I've read a few accounts, in the military historian John Keegan, Robert Graves' "Goodbye to All That," Dalton Trumbo ("Johnny Got His Gun"-- inspiration for Metallica's song "One" by the way), and in novels by veterans Ernest Hemingway {"A Farewell to Arms"), Erich Maria Remarque ("All Quiet on the Western Front"), and John Dos Passos ("Three Soldiers" reviewed by me last year on this blog and on Amazon US). Prompted by that recent BBC Top 100 Booklist, I mean to try, despite skimming it first to find a prose style that seemed less than felicitous, Sebastian Faulks' "Birdsong." But, I have little grasp, compared to the horrors of WWII or even Vietnam, let alone what my students tell me who have fought in Iraq and Afghanistan-- some amputees, some with PTSD, all damaged inside-- of a conflict so distant and so devastating.

Today's Los Angeles Times captured Christopher Furlong's splendid photo of the interior of what to medievalist me always seemed a cathedral I'd like to visit: Wells. The funeral of the last (barely outlasting William Allingham; the article says now only an Australian naval veteran survives for the forces once serving the King against the Kaiser) British WWI survivor brings to mind, inevitably, the millions pulverized and pushed into five muddy years of slaughter. The battle for Passchendaele, where Patch lost three of his comrades, gained after five months the British five miles of terrain; half a million soldiers perished for that territorial gain and loss. At least fourteen times as many troops died in the entire war.

Nine hundred thousand died fighting for the British Empire. Among them, as Sebastian Barry's novel "A Long, Long Way" (reviewed by me on Amazon US and the blog, along with Denis Winter's powerful account gleaned from testimony by ordinary soldiers, "Death's Men") shows, many Irish. As my sympathies and lineage lay with those who resisted the Crown, I confess that like many Irish, I have a mixed reaction to those who joined to fight for the enemy of my direct ancestors.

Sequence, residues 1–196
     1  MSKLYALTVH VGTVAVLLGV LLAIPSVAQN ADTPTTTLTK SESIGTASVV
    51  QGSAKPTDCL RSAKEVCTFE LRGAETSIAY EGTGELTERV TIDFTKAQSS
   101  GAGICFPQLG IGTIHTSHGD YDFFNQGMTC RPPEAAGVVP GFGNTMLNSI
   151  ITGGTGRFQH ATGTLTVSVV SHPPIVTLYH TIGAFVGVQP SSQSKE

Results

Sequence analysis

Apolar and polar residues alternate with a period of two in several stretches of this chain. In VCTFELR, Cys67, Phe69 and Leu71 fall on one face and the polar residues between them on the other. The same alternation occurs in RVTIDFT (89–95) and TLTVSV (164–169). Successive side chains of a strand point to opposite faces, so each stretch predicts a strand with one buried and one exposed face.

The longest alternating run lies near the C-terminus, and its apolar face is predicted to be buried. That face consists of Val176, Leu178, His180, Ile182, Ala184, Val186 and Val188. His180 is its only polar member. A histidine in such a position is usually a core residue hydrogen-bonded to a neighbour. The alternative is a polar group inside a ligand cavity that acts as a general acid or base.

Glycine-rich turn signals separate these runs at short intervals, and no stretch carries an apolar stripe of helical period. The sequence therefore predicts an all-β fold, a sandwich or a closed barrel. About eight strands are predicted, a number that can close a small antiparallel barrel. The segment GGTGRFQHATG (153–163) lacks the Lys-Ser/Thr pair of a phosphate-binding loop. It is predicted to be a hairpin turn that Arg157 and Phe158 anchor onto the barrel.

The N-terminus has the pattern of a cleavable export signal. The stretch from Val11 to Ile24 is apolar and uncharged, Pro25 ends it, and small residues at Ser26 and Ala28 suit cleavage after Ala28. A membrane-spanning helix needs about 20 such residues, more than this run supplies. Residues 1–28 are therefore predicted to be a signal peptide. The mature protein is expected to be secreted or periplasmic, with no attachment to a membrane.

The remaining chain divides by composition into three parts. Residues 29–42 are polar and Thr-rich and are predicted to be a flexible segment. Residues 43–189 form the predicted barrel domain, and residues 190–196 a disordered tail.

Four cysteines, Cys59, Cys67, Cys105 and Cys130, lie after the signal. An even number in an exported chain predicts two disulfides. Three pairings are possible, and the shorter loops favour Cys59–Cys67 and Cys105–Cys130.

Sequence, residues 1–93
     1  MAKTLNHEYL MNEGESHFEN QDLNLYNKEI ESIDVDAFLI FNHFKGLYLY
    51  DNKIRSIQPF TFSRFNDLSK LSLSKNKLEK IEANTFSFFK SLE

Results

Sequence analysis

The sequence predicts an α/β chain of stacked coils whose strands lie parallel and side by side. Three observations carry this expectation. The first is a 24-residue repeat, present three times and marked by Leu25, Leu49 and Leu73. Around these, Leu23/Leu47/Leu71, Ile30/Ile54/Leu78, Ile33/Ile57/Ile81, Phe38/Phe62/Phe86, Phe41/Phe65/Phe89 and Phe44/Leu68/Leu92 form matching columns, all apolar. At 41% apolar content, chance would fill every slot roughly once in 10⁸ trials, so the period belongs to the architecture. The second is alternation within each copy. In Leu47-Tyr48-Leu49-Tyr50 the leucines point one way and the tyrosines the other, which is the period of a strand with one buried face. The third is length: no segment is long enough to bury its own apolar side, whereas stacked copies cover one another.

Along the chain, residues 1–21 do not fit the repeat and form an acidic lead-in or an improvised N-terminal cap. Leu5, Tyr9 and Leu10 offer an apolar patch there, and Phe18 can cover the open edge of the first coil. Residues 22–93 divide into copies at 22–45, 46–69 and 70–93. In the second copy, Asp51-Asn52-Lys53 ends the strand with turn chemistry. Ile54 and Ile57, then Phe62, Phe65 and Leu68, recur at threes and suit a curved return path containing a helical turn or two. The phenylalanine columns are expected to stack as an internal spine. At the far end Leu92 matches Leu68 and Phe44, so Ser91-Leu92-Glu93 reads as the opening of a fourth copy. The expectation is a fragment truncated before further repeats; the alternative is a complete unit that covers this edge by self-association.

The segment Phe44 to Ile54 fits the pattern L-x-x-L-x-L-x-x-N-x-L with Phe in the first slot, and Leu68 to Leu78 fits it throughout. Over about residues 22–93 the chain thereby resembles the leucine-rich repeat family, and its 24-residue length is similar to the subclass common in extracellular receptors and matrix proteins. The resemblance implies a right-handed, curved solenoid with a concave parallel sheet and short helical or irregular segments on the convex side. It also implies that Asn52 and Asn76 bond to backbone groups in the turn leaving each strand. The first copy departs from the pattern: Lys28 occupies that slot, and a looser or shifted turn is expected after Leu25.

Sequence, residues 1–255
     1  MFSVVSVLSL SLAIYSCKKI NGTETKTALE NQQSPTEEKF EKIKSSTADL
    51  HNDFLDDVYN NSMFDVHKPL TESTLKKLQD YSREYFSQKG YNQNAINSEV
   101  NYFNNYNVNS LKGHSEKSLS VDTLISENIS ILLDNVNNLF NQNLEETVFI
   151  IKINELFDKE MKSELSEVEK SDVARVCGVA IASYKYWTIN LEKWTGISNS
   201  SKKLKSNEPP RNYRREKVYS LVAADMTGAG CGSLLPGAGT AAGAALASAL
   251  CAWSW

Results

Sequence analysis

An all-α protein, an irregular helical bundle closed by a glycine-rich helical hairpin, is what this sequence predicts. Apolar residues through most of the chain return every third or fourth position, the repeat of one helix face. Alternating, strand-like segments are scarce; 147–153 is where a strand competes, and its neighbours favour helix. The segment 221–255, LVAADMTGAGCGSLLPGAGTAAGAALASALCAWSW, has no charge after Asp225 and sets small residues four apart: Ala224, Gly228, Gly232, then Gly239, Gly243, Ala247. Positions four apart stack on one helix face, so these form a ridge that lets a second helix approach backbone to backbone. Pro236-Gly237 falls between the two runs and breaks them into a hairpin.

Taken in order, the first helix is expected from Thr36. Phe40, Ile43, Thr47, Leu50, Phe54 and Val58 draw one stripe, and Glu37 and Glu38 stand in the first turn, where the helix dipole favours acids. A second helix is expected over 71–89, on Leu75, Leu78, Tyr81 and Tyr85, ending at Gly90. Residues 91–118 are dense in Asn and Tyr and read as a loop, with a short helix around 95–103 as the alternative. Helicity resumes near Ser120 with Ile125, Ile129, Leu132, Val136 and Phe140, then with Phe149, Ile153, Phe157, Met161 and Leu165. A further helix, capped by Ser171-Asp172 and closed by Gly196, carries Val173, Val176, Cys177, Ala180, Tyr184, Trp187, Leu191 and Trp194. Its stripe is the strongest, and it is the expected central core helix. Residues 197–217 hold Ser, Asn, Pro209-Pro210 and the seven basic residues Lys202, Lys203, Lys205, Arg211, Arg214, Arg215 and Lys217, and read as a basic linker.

Yet, part of the legacy of the end of the armed and ideological struggles that tore apart my family's island for most of last century may be the maturity that we all can mourn for the young men who signed up, often out of a mixture of fear I suppose of the white feather of cowardice brandished by a comely lass as much as jingoism, poverty, peer pressure, adventure, and lack of any alternative. It's both understandable and unfortunate that so many republicans and nationalists reviled the poppies and Flanders Fields. Naturally, the foe of Britain turned the Irish friend, whether Roger Casement, Eoin O'Duffy, Frank Ryan, or as Hugo Hamilton's memoir shows for his father in "The Speckled People" warped fascist fellow travellers out of rebellious Irish purportedly committed to democracy and equality. I'd hope that one inheritance from the passing of Harry Patch at 111 and his comrades we all can agree upon is to mourn those who were shattered and crippled and shot for dubious causes.

As Radiohead puts it, basing their song for charity on Patch's peacemaking interviews done after he turned 100: let the leaders take up a weapon and have them fight it out amongst themselves. R.I.P.

1 comment:

Fionnchú said...

See "It'll end in tears" by crime-fiction critic Sharon Wheeler at the wonderfully named "There's a Dead Guy in My Living Room" blog for her thoughts, in part inspired by my entry. (8-13-09) Thanks, Shaz, for your own eloquence on this topic.